Shutter Speed in Photography

Shutter speed is the only mode where you can achieve various types of photos and styles.

It also has another name to it. Its called “exposure time,” which plays a vital role with any camera, especially in film, television, and photography. For example, suppose you’re using a DSLR (Digital Single Lens Reflex Camera). In that case, the shutter will open, which is the little box behind the lens, this allows light to pass into the camera, instead of the viewfinder, which is the little thing above the lens that you look through.

While in the progress of shutting the lens will go up, showcasing the lens, then up again closing the lens, it will repeat this cycle every time you teach a picture. In film, it’s a little different, as the lens never closes until you finish recording.

The Basics

Image Credit: © Adam Baker/CC BY 2.0

Getting into the basics of a camera can be pretty tricky, especially how complex the layout for most cameras is. When using a camera for the first time, it can be a little discouraging; even when you’ve been an expert for a long time, readjusting to newer cameras and the setting is no simple feat.

However, with a bit of time and effort, you can use the camera like you’ve known it for years. Let’s begin with perhaps the easiest way of learning the camera, the shutter speed. Currently, on the mode dial (the small little circle on the top part of the camera), There are three primary settings for the shutter speeds. You have a manual mode which is designated by the letter “M” which lets you set the shutter speed manually. Auto Mode, which is naturally set by default and will be labeled as “Auto.” And lastly, Shutter Priority which is labeled with an “S”, all of this can be found on the dial mode.

Shutter Speeds

Camera shutter speeds on average are measured in fractions of a second. You can adjust the camera shutter speeds by 1/4 of a second when set on manual. Some cameras can handle fast shutter speeds of 1/4000 a second and sometimes 1/8000 a second. Additionally, you have slow shutter speeds that can go long as 30 seconds.

Time can be extended depending on the camera you’re using. To do this, you will need to activate “Blub mode,” which can be done by holding down the shutter release button and counting how many seconds you want your shutter speed to be making it easy to set a fast shutter speed or slow shutter speed.

To get some of the fancier effects like animal movement, moments in sports, or a water droplet, you would have to set your camera to a fast shutter speed of 1/1000. This will enable you to catch the water droplet effect. Additionally, it allows you to do freeze motion. If you’re seeking a large droplet of water or splashes of water a fast shutter speed of 1/250 will do you just as good.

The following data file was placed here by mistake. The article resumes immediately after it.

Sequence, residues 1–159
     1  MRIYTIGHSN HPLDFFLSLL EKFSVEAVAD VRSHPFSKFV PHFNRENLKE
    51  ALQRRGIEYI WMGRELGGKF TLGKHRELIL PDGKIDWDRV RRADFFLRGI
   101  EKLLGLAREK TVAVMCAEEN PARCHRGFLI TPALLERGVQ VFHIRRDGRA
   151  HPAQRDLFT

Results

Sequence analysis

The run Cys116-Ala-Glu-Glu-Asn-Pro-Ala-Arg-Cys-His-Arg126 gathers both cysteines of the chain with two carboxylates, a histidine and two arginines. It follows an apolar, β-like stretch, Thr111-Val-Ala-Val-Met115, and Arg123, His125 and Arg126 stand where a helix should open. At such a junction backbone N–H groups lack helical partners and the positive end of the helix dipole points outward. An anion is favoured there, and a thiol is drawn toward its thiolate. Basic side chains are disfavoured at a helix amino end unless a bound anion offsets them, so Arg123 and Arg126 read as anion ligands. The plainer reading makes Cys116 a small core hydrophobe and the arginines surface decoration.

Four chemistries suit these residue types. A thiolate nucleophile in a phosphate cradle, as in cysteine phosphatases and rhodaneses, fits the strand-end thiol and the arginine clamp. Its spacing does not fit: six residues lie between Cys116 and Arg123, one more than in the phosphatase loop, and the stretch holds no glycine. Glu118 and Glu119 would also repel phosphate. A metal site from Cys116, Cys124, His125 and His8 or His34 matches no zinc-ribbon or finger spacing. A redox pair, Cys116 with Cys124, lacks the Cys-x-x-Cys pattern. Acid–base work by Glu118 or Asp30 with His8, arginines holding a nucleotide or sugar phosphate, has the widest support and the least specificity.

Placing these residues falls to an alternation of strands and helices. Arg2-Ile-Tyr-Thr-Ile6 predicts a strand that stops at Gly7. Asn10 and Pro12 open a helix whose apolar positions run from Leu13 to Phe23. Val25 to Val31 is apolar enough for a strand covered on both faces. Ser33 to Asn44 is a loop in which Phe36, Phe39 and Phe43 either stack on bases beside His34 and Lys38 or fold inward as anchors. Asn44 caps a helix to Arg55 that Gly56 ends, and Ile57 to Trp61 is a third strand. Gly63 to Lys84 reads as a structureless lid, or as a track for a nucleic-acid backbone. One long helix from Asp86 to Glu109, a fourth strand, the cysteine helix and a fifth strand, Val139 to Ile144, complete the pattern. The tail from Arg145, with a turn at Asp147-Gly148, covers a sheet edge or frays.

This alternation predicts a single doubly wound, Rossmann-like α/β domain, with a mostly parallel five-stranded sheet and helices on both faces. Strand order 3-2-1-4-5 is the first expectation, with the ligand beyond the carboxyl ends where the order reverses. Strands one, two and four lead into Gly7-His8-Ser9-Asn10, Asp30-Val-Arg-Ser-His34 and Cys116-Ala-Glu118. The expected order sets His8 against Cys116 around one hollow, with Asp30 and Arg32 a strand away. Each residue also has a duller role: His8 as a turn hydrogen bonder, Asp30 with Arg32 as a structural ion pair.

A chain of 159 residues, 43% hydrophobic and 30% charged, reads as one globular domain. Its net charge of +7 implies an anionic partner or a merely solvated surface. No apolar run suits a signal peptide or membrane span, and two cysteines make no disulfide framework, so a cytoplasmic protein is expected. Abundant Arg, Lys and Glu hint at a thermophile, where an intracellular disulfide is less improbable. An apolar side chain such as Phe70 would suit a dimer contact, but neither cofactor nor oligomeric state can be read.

If you’re just going to do everyday general photography like taking pictures of things in your room, wild animals in their natural habits, family members, or anything that piques your interest, the recommendation for that would be a slower shutter speed like1/100.

At 1/100 prevents subjects from blurring due to camera shake. Night photography uses longer shutter speeds to capture as much light as possible. A slow shutter speed that has an estimation time of 20-30 seconds may present you with the ability to take pictures of the milky way.

Fast Shutter Speed vs Slow Shutter Speed

The faster your shutter speed, the more sharp and clearer your pictures are due to less susceptibility to movent like camera shake, however, the more underexposure you will experience (Your images will have less light) when using a quick shutter speed.

Do note that the slower shutter speeds, the more exposure (More light) you’ll have, but your photos will have camera shake and more motion blur; this is perfect when taking pictures on highways where there are movements and seeing the lights of cars turn into stirks of light.

Motion blur shutter mode

Street traffic slow shutter speed and motion blur.
Exposure: 1/15
Image Credit: DammitKarissa/CC BY 2.0

To accomplish motion blur imagery, you have to set the shutter speed to 1/15 – 1/60. If you were taking pictures of the street traffic (like the photo above) and wanted motion blur instead of sharp, you can do that with the recommended estimations.

Auto Mode

Photo taken using automatic shutter speeds.
Auto Focus Enabled
Image Credit: © Martin de Lusenet/CC BY 2.0

Auto mode will automatically set different shutter speeds for you and do most of the work for you, whether you’re filming your garden, family, or friends. This is the same when it comes to shutter speed. Usually, when taking photos, the camera will have it set where the pictures you take will never be overexposed in light or underexposed just right in the center with each image you take.

This is usually most helpful when the person behind the camera is new or taking pictures for the very first time. It is assumed that professionals never use auto mode, but that’s not the case, it just depends on what you’re taking. Sometimes, when in dark places, you will encounter underexposure, sometimes in very lit places, you will encounter overexposure; both are discussed below.